They like Violet at the nursing home. She's good natured, always says "hi," and doesn't complain. She's lived there four years.
Once she presided over her own country farmhouse kitchen table, peopled with family and neighbors. Though they might not get along in all contexts, the table bonded them, cementing various degrees of familiarity, love, and dysfunction. Over the stove hung a plaque that read "Kissin don't last, cookin do"
Uncle Vic thought it a great joke when I "got religion." Over cards, he would challenge "you're prayin against me, aren't you Tommy? I'll bet you're prayin against me." I was only praying he'd take his turn.
Violet lived for years in that farmhouse after Vic died. Then she lived with one daughter, then another. When she got so she needed round the clock care, the daughters didn't know what to do. She fell a few times - no small matter for someone in their 80s. About that time she entered the nursing home. One daughter or the other visits her nearly every day.
Pop comes over from Rochester, 300 miles away, to visit his sister a few times each year. "Charlie, it's so good to see you! And Tommy, what a pleasant surprise!" On a pleasant day, we wheel her out to the front walkway, where she remarks on trees and greenery and family history. "Gram will be so disappointed that she missed you," she laments. "Violet, Gram's been dead for years," someone says. "Oh yeah, that's right," and she resumes contemplation. That's how it goes. She freely mixes several generations, some living, some dead. Sometimes we correct her, and sometimes not.
She used to caution as the afternoon wore on "It's getting late. You'd better be going." Lately she's been including herself. "It's starting to get late. We ought to be going." "Violet, you're staying here. You live here now." "Oh that's right," she says.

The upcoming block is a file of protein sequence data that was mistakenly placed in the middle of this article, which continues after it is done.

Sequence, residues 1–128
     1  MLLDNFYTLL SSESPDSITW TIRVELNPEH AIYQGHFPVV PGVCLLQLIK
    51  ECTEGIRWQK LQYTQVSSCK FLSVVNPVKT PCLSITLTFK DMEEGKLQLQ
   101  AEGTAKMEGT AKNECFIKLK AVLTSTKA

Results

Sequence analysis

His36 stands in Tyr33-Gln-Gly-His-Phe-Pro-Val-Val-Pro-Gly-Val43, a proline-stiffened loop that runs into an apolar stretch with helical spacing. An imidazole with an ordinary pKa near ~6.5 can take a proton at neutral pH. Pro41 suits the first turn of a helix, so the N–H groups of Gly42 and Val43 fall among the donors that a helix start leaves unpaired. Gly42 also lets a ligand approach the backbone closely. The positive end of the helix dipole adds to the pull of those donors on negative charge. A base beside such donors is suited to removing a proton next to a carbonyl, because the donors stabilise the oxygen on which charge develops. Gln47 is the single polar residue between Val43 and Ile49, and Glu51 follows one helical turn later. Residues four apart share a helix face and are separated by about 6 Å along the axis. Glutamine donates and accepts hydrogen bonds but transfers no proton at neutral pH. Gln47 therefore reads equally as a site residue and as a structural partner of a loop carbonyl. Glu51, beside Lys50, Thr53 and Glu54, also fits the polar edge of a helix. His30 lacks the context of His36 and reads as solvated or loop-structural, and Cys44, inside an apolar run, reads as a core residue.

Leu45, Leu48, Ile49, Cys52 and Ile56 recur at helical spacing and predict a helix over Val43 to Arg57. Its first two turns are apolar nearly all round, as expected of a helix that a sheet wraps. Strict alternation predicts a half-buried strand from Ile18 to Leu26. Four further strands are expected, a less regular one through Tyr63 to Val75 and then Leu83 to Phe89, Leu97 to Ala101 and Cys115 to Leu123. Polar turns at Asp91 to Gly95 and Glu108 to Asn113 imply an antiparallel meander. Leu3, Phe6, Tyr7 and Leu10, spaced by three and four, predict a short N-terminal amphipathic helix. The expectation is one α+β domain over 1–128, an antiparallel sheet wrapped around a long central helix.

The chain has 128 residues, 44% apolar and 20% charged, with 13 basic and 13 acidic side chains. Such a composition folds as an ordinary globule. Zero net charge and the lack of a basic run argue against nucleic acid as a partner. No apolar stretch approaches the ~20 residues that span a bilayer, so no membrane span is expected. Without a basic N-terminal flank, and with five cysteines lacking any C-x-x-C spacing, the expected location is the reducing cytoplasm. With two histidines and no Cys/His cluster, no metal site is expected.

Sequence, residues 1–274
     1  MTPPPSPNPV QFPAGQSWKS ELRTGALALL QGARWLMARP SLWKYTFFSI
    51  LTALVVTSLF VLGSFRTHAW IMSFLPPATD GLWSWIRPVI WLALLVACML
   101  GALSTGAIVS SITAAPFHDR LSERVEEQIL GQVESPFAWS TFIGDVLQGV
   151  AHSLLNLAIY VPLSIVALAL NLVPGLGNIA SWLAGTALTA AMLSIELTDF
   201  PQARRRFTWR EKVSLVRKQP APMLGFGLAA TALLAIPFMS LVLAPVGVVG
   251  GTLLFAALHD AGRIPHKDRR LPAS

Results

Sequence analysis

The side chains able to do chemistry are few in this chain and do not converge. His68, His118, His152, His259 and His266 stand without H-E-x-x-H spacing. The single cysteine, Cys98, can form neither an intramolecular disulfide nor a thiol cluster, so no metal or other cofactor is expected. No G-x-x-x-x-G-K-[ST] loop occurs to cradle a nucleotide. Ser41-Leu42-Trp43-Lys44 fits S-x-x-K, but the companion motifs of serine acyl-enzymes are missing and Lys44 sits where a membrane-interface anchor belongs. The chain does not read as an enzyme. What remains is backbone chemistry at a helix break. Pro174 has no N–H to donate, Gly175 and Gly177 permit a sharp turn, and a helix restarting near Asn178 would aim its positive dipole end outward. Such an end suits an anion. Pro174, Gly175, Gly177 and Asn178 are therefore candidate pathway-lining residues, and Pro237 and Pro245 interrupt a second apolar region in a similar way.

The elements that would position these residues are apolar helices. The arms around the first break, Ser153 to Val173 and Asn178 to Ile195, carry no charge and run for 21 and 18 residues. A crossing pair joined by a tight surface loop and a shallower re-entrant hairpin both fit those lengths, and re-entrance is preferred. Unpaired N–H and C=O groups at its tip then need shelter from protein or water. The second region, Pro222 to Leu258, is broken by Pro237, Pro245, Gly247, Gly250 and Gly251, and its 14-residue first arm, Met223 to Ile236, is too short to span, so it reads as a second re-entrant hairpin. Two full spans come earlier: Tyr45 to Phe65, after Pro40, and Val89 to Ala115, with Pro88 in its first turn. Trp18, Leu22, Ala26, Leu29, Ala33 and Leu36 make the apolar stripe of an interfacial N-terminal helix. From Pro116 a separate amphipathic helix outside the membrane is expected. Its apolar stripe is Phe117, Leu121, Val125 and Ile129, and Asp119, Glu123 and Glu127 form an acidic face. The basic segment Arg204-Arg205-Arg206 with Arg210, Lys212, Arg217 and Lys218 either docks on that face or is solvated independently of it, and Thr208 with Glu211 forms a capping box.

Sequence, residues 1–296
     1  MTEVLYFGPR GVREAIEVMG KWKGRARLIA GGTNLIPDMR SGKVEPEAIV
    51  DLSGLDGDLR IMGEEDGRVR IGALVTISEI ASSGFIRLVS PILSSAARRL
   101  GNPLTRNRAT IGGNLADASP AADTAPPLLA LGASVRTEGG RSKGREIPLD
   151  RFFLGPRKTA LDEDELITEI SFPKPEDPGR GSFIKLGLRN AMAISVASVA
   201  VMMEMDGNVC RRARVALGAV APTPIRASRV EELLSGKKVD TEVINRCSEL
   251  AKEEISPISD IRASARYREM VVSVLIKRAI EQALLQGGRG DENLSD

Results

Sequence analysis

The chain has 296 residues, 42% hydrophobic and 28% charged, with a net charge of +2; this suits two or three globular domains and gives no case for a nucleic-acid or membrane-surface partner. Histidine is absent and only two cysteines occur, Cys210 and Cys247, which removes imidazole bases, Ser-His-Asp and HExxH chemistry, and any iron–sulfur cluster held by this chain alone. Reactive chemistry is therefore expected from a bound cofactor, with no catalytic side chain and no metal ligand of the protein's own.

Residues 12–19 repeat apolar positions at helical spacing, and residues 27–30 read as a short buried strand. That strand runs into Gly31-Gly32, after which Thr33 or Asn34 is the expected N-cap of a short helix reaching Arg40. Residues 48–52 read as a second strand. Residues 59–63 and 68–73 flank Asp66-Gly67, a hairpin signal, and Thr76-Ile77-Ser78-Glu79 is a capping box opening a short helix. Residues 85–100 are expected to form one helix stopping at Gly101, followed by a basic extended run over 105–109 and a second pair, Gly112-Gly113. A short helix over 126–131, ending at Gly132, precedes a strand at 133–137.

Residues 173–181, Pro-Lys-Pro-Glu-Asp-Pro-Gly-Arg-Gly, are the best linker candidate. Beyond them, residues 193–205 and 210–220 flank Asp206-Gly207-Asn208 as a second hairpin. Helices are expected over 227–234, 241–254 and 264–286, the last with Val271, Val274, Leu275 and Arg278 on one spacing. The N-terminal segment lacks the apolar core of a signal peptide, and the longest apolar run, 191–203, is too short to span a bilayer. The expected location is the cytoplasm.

"So who's cooking tonight," she observes after a bit. "Do you want me to cook?" Pop again explains that the home will cook, the home in which she lives, but she's not so sure anymore.
"Well, we should be going Vi," he says. "Okay, I'm ready, let's go" "You're staying here, Vi. You live here now." "Not me," she says. "You do," Pop says. "You have a room here, for several years." "I know, but I'm not ready to go just yet."
She gets progressively resistant, then alarmed, then pleading, then angry. "Well, that was a dirty trick!" she charges. "I wouldn't have come with you if I knew you were going to stick me here!" In the end, the staff wheels her back.
That evening, sitting at the cousins' own long kitchen table, a table that Violet rarely sees now, Pop wonders aloud how tomorrow's visit will go. Maybe it will be unpleasant. "No," the cousin says, "she will have forgotten all about it." And it turns out just that way.
Until the end of the visit. After initial maneuvering, Pop and the cousin tell Violet we have to be going. But isn't she going too? "Oh no, you're not sticking me here!" she snaps at us. But the nurse distracts her. "Violet, we're having vanilla cookies with dinner tonight. Would you like to have a couple now?" "No thank you," she says. "I'll just wait till dinner and have mine with everyone else."
They all want to go home. But none of them will.